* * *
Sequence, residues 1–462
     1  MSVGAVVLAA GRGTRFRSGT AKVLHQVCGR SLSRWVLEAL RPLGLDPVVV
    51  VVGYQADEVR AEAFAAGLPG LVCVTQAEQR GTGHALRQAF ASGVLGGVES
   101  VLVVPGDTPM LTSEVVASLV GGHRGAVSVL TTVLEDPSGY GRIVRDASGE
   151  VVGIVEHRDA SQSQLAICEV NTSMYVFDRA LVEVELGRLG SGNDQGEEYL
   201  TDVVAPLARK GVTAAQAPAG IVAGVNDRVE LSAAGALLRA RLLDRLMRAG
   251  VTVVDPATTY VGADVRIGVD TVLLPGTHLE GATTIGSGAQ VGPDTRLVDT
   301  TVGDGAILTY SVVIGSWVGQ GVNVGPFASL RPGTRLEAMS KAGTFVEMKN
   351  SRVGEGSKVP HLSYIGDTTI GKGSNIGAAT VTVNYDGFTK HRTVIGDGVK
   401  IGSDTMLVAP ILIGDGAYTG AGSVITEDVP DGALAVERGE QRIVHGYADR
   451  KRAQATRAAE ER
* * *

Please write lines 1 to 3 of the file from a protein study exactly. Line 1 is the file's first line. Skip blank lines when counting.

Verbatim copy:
Sequence, residues 1–462
     1  MSVGAVVLAA GRGTRFRSGT AKVLHQVCGR SLSRWVLEAL RPLGLDPVVV
    51  VVGYQADEVR AEAFAAGLPG LVCVTQAEQR GTGHALRQAF ASGVLGGVES